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A recent 2d District Court of Appeal case recently addressed whether items found during a non-criminal search can result in a criminal prosecution.  Public policy promotes the ability of law enforcement to place dangerous or seemingly dangerous individuals into protective custody. But in the course of doing so, the courts must address what happens to items discovered during inventory searches of their persons.

In this case, Mr. White appealed his judgment and sentence for possession of ammunition by a convicted felon. Procedurally, the trial court had denied his motion to suppress, and he then entered a plea. He was sentenced to four years’ imprisonment, followed by six years’ probation.

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On appeal, Mr. White argues that the contraband discovered during a civil detainment should not be used to prove a criminal charge.  In this case, a citizen called the police, concerned about a man (Mr. White) lying in the road. A deputy responded to the call and located Mr. White, lying with part of his body on the road, and his backpack next to him. Mr. White did not initially respond to the officer and was unable to get up. He appeared confused and smelled of alcohol.

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Search and seizure cases are specific to the circumstances, meaning that small details can determine an outcome.  In a recent case before the 2d Court of Appeal, the court ruled that the trial court should have granted the defendant’s motion to suppress, based on the facts at hand.  Procedurally, the defendant, Mr. Robinson, appealed a withhold of adjudication and a three-year probation term for the offense of manufacturing marijuana, a violation of Florida law. A withold of adjudication means that the court does not convict the defendant. Instead, the defendant consents to a term of probation. Upon completion of probation, the court cannot sentence the defendant for the offense. Here, the court imposed Mr. Robinson’s withhold of adjudication after a plea, following the denial of his motion to suppress.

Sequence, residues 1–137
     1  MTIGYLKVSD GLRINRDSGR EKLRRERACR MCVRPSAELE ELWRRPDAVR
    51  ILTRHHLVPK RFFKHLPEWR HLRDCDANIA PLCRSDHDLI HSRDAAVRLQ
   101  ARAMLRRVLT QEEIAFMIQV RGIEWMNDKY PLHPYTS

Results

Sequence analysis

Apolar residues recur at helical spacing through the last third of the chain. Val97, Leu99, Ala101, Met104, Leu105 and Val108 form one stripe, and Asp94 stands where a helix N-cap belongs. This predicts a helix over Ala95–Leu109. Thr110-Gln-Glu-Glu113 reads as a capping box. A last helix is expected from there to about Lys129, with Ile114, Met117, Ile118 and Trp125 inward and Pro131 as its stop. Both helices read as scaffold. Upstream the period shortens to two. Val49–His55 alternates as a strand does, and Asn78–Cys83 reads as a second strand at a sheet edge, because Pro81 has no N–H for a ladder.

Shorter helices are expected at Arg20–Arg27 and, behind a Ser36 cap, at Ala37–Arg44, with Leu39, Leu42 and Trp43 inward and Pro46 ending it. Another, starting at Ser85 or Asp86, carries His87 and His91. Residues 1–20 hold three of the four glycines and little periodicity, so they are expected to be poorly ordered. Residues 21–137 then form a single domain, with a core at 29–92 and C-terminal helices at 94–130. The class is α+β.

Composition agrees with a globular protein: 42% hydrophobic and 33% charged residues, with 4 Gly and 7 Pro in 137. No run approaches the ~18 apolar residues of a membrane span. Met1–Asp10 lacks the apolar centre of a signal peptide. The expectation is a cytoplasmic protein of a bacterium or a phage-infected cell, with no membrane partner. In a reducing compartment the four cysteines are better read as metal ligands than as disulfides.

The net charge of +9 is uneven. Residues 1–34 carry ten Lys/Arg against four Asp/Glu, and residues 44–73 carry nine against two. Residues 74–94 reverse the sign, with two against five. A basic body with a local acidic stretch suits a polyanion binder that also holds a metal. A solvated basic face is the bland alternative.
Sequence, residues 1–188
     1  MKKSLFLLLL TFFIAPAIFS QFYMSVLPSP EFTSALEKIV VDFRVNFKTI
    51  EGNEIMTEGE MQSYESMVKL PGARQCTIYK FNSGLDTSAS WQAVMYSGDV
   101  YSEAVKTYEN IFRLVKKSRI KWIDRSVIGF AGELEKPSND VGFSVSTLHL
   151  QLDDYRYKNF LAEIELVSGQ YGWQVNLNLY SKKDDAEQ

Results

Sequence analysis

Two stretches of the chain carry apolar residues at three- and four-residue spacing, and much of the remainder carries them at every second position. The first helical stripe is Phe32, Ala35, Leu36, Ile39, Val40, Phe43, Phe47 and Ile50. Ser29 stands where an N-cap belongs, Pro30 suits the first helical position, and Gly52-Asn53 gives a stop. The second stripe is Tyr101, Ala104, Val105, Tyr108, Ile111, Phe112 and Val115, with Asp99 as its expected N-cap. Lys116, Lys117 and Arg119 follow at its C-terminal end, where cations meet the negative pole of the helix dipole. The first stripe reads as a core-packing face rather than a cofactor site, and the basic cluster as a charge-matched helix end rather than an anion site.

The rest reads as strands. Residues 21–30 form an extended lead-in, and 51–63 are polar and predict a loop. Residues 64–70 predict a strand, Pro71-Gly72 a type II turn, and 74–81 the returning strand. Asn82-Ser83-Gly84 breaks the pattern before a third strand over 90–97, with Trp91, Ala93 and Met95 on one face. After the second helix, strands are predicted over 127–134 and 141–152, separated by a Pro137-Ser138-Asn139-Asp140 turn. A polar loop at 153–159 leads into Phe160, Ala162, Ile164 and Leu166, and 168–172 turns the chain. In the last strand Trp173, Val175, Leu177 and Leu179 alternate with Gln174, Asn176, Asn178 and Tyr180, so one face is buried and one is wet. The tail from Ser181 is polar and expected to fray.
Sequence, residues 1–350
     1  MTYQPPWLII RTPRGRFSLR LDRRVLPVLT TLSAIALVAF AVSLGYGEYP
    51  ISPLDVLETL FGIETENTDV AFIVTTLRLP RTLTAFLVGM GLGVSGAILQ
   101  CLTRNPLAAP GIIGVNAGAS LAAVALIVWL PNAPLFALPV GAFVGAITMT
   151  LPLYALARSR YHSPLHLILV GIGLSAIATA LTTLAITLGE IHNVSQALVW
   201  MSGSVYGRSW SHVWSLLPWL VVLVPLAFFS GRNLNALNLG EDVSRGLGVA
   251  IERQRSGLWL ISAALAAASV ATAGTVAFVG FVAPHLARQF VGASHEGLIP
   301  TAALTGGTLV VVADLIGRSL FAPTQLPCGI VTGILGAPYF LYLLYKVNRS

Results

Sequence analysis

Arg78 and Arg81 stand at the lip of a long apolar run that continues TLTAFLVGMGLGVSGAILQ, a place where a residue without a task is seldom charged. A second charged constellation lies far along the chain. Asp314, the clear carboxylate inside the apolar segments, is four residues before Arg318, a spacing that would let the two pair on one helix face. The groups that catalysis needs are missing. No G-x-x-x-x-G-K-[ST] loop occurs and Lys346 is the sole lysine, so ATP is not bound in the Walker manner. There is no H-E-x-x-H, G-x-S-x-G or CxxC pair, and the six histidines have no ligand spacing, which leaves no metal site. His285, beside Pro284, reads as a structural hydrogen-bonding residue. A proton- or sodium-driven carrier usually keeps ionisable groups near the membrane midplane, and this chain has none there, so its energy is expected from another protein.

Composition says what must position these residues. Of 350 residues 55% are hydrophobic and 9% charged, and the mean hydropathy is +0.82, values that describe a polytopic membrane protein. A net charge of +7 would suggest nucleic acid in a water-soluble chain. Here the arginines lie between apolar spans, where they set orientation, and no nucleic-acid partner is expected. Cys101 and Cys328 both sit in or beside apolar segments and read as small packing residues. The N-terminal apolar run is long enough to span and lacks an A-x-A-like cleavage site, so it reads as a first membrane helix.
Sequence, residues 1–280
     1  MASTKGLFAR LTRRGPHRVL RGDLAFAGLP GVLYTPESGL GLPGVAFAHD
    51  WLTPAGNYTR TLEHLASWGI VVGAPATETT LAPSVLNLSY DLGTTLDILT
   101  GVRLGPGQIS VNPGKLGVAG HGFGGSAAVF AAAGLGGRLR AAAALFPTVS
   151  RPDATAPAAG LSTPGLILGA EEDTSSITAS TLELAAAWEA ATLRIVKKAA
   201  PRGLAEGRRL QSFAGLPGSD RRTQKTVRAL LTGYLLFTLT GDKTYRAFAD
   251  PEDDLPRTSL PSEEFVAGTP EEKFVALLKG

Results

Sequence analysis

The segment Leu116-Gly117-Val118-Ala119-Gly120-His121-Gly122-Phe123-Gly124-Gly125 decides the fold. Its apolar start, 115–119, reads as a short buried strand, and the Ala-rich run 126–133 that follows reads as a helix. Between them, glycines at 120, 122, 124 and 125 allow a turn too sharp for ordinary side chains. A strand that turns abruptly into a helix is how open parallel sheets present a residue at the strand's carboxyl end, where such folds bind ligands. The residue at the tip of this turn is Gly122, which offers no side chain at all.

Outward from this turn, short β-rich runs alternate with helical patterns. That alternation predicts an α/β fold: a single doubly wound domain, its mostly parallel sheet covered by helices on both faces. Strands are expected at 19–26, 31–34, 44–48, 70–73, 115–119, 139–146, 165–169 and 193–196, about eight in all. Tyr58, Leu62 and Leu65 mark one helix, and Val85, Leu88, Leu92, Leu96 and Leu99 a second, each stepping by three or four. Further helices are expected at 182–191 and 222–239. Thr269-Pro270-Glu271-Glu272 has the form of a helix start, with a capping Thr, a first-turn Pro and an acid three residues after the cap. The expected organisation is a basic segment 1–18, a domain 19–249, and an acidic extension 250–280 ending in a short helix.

Mr. Robinson’s motion to suppress was based on the circumstances surrounding the detectives’ entry of his property without a warrant, or Mr. Robinson’s permission.  He lived on a semirural homestead, surrounded by a chain-link fence, which was enclosed by a gate with a “no trespassing – violator will be prosecuted” sign and a “beware of dog sign.”  Additionally, Mr. Robinson’s mailbox was accessible from outside the fence, so the mailman did not need to enter the property.

Chain link fence against a deep blue sky

The appellate court held that the detectives could not enter the property without a warrant or permission.  Furthermore, the detectives could not enter the property to conduct a knock and talk.  Nor could the detectives pursue a consensual encounter with Mr. Robinson without first obtaining his permission to enter the property.  In reaching this conclusion, the court relied on the specifics of this case. The private nature of the house included the fence, the signage, and the accessibility of a mailbox outside the fence.

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The Double Jeopardy Clause of the Fifth Amendment to the U.S. Constitution and the Double Jeopardy Clause in article 1, section 9 of the Florida Constitution prohibit a person to be subjected to multiple prosecutions, convictions, and punishments for the same offense. In a recent 2d District Court of Appeal decision, the court held that a defendant who pled guilty to possessing a controlled substance and was placed in jeopardy cannot then be tried for the offense.

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In this case, Mr. Hutto was issued a Pasco County ordinance citation for possession of illicit synthetic drugs, specifically synthetic marijuana. Mr. Hutto paid the citation, and in doing so he pled guilty or no contest. Then, an information was filed by the State of Florida, charging Mr. Hutto with possession of a controlled substance. This information was based on the exact same substance, the marijuana, he had already pled guilty to possessing. Mr. Hutto alleged a double jeopardy violation and moved to dismiss the information. His motion was denied, and he challenged the circuit judge’s jurisdiction based on the Double Jeopardy Clauses of the U.S. and Florida Constitutions.